Third, it may be possible to establish a bounding relationship between two isotopes. As a hypothetical example, if a correlation between 90Sr and 137Cs can be found at the surface of a site, and it can be shown that 137Cs is less mobile than 90Sr, measurements of 137Cs in core samples could give an indication of the amount of’ 90Sr in the subsoil.

3.9.5.1 Soil analysis for radionuclide determination

In Figure 3.11 a suggestion is presented for the radionuclide determination in soil.

Figure 3.11 Soil analyses for radionuclide determination
Figure 3.11 Soil analyses for radionuclide determination

3.9.5.2 Water analysis for radionuclide determination

In Figure 3.12 a suggestion is presented for the radionuclide determination in water.

Figure 3.12 Water analyses for radionuclide determination
Figure 3.12 Water analyses for radionuclide determination

3.9.5.3 Tritium

Tritium is a common contaminant on nuclear-licensed sites. It is present as tritiated water, which behaves in a chemically identical way to naturally occurring water (H2O). As a consequence, it is highly mobile and commonly migrates from the near-surface environment into groundwater. The extent of migration is limited by the short half-life of tritium (12.3 years). Special precautions are needed when sampling and analyzing for tritium, to prevent evaporation of the sample and/or isotopic exchange with naturally occurring water. It is possible to analyse for tritium both in soil samples and in waters; in both cases, tritium is present in the aqueous phase. Quantification of tritium contamination in the unsaturated zone generally involves analysis of soil samples. The tritium activity can be expressed either as Bq/g of soil or as Bq/l of soil porewater. The latter is more informative, because it can be directly compared with the activity concentration of tritium in the underlying groundwater.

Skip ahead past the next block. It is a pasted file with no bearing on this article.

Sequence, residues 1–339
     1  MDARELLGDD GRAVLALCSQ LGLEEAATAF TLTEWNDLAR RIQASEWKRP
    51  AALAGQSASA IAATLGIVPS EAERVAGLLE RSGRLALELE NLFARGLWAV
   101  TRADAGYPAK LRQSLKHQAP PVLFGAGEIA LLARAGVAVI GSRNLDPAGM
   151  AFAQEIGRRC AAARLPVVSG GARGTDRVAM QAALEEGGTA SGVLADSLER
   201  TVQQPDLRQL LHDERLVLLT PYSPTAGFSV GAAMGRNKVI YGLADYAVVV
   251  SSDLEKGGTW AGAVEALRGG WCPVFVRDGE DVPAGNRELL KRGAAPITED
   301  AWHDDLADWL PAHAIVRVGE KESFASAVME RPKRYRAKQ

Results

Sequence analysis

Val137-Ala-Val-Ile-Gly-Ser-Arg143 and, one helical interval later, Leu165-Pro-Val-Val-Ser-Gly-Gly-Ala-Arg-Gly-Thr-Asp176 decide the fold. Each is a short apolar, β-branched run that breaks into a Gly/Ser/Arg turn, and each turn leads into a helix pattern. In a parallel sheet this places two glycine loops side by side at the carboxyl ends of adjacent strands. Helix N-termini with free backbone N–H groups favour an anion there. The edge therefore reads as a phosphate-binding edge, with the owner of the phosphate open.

However, the moisture content of the soil sample must be measured to derive the porewater activity. In the saturated zone (i.e., below the water table), either soil samples or water samples can be collected and analysed. In practice, determination of tritium activities in soil or rock from beneath the groundwater table would only be undertaken if the samples were cohesive and fine-grained (i.e., porewater did not freely drain from the samples on collection).

It is preferable to determine tritium activity concentration directly in the groundwater although, in principle, the tritium activity concentration in the soil porewater and in the groundwater should be identical if the porewater and the mobile groundwater that is sampled by pump testing are in close contact. Analysis of tritium in soils may be appropriate at an early stage of a characterisation program, in order to evaluate whether a potential problem exists. If tritium contamination below the groundwater table is detected, it is best practice to install groundwater monitoring boreholes and to obtain groundwater samples for further analysis.